(Reuters) – When Argentina play at the women’s World Cup in France next month they will cap one of the most remarkable journeys in sport, from a team that did not exist two years ago to one competing on the biggest stage.
FILE PHOTO: Erika Vasquez (C) of Ecuador fights for the ball with Agustina Barroso (L) and Mercedes Pereyra of Argentina during their Copa America women’s soccer match in Quito September 28, 2014. REUTERS/Guillermo Granja
In the summer of 2017, the Argentine team had been inactive for two years, hamstrung by an association that showed little interest in arranging games.
After rushing to throw together a team just days ahead of the World Cup qualifiers, they squeaked into the tournament via a playoff and that, said defender Agustina Barroso, is already a victory.
“We had two years when we were at a halt, we weren’t training and we only started again seven days before the start of the Copa America and so our team is very new,” Barroso told Reuters in an interview.
“We had no proper training pitches, when we traveled we slept on a bus rather that in a hotel, it was awful. We weren’t paid. We didn’t have games. We were using ancient training gear. So we started from zero.”
Argentina kick off their World Cup campaign against Japan on June 10, before facing England and Scotland.
Even if their preparation was perfect the Argentines would face a tough task in one of the hardest groups.
The paucity of friendly matches over the last few years means they lack sharpness.
Yet the election of a new president to the Argentine Football Association (AFA) has breathed life into the women’s game there.
They rushed this year to set up games against top class teams and have paid a price, losing all three of their matches and failing to find the net in any of them.
Barroso is reluctant to blame the last-minute preparations on their poor run but there is little doubt Argentina have to make up for lost time.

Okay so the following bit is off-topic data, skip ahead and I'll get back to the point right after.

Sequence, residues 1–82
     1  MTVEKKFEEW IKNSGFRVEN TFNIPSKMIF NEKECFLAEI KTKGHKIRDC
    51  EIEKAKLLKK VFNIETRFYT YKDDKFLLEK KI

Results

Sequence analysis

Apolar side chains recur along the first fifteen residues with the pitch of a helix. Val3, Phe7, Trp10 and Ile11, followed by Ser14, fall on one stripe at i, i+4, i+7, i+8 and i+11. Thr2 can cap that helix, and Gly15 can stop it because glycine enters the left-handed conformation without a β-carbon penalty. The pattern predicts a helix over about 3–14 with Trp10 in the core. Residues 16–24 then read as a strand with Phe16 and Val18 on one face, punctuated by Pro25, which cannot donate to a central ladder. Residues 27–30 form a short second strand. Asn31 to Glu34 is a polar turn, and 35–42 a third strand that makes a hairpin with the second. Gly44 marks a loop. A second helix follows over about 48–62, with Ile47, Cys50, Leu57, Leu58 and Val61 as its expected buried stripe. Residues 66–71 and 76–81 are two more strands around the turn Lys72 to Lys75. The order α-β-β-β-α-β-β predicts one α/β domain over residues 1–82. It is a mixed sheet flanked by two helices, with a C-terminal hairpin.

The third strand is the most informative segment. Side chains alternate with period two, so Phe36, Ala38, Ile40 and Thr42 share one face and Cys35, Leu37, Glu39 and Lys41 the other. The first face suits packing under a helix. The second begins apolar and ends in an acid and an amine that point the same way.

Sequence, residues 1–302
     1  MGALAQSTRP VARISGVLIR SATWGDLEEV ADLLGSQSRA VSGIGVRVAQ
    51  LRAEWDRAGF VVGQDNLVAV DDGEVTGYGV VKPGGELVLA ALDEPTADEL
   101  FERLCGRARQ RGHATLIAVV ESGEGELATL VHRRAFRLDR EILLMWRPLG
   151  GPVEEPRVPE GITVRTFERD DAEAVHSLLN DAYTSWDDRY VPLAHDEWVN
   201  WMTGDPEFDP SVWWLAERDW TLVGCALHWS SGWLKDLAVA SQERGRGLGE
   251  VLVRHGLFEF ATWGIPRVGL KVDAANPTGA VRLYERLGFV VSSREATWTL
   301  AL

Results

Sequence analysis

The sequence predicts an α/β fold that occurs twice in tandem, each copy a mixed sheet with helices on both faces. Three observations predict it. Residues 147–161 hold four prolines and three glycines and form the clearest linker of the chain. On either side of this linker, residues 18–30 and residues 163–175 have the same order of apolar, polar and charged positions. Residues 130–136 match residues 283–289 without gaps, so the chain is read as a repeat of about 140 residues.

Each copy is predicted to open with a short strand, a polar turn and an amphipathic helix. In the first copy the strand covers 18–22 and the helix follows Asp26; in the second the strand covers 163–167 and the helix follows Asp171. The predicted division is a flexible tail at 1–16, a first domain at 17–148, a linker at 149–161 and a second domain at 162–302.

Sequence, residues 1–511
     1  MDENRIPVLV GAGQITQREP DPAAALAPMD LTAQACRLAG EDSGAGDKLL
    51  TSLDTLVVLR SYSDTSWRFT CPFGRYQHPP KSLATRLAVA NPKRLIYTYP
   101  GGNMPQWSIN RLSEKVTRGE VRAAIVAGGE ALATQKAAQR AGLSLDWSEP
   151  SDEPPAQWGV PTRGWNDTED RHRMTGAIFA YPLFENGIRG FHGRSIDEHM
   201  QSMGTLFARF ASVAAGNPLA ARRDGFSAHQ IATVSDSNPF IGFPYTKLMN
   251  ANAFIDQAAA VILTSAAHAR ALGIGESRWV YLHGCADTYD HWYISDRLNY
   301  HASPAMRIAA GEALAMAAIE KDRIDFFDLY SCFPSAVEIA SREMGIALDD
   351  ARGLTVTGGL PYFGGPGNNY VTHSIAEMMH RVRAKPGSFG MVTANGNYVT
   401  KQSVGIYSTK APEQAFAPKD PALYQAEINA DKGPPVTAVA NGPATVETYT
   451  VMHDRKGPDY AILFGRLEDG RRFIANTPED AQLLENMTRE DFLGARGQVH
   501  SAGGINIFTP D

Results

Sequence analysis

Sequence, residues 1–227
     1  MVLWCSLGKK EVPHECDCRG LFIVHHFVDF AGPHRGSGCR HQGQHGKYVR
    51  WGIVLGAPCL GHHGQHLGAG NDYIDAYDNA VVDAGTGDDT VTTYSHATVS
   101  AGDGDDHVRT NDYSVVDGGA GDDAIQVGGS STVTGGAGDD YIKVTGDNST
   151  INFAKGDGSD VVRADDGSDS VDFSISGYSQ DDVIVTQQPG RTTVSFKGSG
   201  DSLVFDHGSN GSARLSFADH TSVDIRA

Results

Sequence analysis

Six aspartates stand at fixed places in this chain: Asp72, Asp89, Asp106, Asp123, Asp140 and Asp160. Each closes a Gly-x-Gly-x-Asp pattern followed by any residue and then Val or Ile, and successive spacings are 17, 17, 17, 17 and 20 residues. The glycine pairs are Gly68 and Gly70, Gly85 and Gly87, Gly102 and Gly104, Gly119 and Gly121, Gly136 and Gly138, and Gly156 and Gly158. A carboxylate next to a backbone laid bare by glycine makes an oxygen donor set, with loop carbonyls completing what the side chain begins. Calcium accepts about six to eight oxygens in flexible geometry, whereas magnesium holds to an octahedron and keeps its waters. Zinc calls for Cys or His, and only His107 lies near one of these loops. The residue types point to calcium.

“I wouldn’t call it a disadvantage because that would make us out to be victims but we really needed more tournaments and competitive games, as well as more friendlies,” she said.
“If we’d had that then the results in the last few games might be different, we’d be used to facing big teams so we might not start at a disadvantage.
“Processes are important for players to get to know each other, I think that is the problem. They (the other teams) have been working together for years, traveling together, training together and we got together only recently.”
The lack of a professional league – the AFA announced a full-time set up will begin in June – is another problem.
Barroso said the current domestic set up has a handful of teams who are far superior to others, making it hard for the top players to make the step up, both physically and mentally, to international level.
Of the 23 chosen for France, nine are professionals who play in overseas leagues, with the other 14 home-based amateurs.
All 23, however, are delighted at reaching the finals and simply being able to play the sport they love.
They refuse to set goals, given their poor preparation, but they will at least hope to improve on their previous two finals appearances, when they lost every game, scoring just two and conceding 33.
“We know we are not the favorites but we know that people don’t expect anything from us and that is good,” Barroso said. “We know it is going to be difficult. We hope to give people a surprise.”
Reporting by Andrew Downie; Editing by Toby Davis